I stayed the night at the Sam Moore Shelter. When I arrived, a small group of Boy Scouts had already arrived, and although there was still room in the shelter, I was feeling anti-social and set up camp nearby. The ground was flat and soft, and no foul weather would plague me that night, so why not?

Glowing from the success of my simmer ring the night before, I was going to try the next step in making a pizza: Baking a crust. I didn't actually have any pizza toppings in the event that my crust turned out, but I like bread, so if I managed to succeed, I'd just eat the crust by itself.

To be totally accurate, I didn't exactly have crust making materials either. However, I did have a small bag of biscuit mix for making pancakes, doughnuts, and muffins and such, and I thought I could improvise it into a pizza crust.

Not sure how much water to put in, I guessed. One part water for four parts biscuit mix. Having worked at Pizza Hut, I had a good notion of what uncooked pizza dough should look and feel like, and that combination seemed to do the trick.

I patted it down and formed it into a five or so inch disk shape, threw it in my pot, put on the lid, and started to bake it using my MacGyver stove.

I let it cook for 20 or so minutes, then peaked in to see a beautiful looking crust. Far beyond what I was expecting, in fact. Excited, I showed off my pizza crust to the other thru-hikers around the table who were impressed, although not as much as they should have been. Jealousy, I figured.

Then I remembered that I had some cheddar cheese that I bought to snack on! I immediately whipped it out, broke it into small crumbs on the crust, put the lid back on, and waited another 10 minutes.

I took another look—I had a pizza! Miles from the nearest electric plug, I made a pizza with nothing more than my hand-made MacGyver stove and improvised ingredients! I was walking on water!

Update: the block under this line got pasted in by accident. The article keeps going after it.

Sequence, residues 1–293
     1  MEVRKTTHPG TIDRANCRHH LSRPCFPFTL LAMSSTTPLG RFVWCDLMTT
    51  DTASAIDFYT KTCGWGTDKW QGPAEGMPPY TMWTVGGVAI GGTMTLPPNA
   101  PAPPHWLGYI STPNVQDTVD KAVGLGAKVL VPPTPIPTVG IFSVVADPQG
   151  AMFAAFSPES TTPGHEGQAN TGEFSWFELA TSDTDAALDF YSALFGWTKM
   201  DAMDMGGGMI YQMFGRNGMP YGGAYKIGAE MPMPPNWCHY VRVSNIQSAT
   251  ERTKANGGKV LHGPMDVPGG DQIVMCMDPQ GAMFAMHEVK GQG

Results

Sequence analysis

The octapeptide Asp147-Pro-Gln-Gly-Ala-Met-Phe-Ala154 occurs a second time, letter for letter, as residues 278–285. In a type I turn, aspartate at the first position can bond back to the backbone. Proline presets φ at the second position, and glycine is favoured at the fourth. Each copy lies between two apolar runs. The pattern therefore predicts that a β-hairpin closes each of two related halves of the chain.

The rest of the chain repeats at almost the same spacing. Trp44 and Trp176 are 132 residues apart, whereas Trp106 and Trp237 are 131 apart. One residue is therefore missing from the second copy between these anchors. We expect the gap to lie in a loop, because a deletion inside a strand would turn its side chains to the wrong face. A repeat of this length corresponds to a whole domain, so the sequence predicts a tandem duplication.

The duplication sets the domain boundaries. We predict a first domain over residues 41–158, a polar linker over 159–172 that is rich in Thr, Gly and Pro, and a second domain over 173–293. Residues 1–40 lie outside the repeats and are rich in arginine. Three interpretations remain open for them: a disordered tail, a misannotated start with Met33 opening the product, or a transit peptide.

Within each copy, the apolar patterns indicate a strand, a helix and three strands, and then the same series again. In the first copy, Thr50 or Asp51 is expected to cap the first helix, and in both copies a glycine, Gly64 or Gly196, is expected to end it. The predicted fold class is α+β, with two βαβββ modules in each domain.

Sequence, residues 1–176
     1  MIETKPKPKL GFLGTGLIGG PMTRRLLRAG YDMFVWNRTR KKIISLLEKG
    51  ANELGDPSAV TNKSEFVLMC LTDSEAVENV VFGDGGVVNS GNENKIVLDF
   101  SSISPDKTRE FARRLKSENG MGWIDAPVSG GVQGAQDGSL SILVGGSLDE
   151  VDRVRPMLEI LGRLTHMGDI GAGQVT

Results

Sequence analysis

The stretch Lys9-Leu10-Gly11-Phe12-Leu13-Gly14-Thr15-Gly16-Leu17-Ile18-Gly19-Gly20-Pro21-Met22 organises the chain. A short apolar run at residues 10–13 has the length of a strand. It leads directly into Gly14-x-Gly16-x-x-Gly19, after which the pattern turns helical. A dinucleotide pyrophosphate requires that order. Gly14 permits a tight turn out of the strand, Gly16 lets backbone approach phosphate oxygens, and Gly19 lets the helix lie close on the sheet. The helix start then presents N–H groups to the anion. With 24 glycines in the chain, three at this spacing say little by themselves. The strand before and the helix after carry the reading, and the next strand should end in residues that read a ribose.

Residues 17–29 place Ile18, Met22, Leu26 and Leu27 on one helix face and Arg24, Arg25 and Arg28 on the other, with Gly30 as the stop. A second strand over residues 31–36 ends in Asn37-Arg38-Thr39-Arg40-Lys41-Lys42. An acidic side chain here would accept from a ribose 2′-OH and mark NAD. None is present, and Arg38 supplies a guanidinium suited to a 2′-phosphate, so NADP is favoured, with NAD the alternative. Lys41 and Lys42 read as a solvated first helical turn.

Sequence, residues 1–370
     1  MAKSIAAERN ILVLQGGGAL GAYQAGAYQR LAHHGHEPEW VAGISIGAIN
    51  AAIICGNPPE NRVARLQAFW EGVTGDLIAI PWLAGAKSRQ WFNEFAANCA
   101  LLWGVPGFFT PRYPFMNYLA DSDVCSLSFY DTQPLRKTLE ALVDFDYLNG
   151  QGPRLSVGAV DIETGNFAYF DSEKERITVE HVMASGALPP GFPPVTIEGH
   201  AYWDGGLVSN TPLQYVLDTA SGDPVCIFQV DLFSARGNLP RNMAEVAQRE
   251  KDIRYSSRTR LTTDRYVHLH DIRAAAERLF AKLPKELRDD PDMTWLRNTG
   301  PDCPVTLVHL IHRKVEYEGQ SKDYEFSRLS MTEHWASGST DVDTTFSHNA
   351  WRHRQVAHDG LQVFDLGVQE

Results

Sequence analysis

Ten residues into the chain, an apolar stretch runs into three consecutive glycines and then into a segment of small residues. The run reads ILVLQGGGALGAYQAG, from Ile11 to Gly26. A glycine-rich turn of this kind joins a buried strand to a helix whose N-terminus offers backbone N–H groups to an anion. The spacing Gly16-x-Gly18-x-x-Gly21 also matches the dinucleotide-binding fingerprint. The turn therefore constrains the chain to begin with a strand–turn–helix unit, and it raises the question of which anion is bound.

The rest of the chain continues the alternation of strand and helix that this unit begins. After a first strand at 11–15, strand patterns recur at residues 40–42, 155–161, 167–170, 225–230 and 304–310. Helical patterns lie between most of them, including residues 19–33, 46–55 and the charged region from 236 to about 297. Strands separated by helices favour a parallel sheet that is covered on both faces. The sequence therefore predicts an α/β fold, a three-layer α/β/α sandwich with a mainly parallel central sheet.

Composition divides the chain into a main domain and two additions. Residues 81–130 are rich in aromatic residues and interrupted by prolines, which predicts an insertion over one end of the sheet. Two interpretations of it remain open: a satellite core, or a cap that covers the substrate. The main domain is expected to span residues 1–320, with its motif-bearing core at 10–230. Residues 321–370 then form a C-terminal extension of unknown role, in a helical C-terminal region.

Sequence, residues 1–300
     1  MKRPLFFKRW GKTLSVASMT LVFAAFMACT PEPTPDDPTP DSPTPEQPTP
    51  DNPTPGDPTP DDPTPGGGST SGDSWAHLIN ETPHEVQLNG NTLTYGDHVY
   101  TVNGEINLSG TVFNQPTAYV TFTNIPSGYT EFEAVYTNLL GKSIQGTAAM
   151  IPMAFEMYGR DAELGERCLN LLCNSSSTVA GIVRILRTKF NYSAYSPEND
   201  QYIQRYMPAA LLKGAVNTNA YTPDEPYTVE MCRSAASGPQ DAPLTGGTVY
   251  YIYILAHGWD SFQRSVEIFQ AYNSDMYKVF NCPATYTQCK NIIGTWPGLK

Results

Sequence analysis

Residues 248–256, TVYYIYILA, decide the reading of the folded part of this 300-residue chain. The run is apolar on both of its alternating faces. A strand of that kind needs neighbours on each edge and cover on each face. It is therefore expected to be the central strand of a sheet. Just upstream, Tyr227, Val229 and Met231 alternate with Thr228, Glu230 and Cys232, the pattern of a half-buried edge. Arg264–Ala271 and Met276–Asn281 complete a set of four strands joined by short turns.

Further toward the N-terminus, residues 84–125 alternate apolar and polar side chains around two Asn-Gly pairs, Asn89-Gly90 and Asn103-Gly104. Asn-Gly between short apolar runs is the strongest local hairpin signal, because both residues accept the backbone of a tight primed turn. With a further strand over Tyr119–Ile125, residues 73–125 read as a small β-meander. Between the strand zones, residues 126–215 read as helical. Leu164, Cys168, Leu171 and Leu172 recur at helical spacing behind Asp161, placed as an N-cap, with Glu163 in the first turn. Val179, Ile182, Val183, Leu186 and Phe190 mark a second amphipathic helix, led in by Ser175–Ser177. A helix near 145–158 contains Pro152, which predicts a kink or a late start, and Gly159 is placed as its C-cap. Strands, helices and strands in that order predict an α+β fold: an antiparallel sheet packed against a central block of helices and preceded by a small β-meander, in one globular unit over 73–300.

Now I'll admit that it wasn't the best pizza I'd ever eaten, but given the conditions it was nothing short of miraculous. Ideas for more complex pizzas with pizza sauce, pepperoni, mushrooms, green peppers, onions, and more flashed through my head. When I made it to Harpers Ferry, I definitely had some grocery shopping to do!

I went to sleep, dreaming of pizzas and what wonderful creations I'd come up with next.

As is norm, I woke the next morning. I planned a measly 10 mile day and wondered how I'd kill so much extra time. Sitting around doing nothing seemed so darned boring.

In any case, the scorching weather was supposed to continue with temperatures creeping even higher, this time to the mid 90s. So I started relatively early just to get some miles done before the real heat of the day struck.

Two leisurely hours later I found myself standing at Snickers Gap, surely named by a former thru-hiker I surmised. My guidebook mentioned two restaurants and a small grocery store about a mile off the trail on Virginia Highway 679. With lots of time to kill, I decided to walk down and get myself an ice cream. Doesn't everyone walk a mile out of their way—one way—on a 90 degree day for ice cream?

I found the grocery store and bought a Klondike Bar, Starbursts, and a bottle of Hawaiian Punch. I was somewhat dismayed to learn that this grocery store had absolutely no cans of soda—something I'd wanted to acquire to make another MacGyver stove. (What can I say, I'm addicted!)

I ate my goodies at a shaded picnic table outside, then wandered over to the Pine Grove restaurant for lunch in a cute, little air-conditioned building.

The waitress came up and asked if she could bring something for me to drink while I decided what I had for lunch. I asked for water, and just as she was about to leave I had a thought and asked if they had cans of soda. She gave me a strange look—it was probably an unusual question—but said that yes, they did. I was rather surprised they did, to tell you the truth, since this place seemed nice enough to have fountain drinks than resort to canned sodas.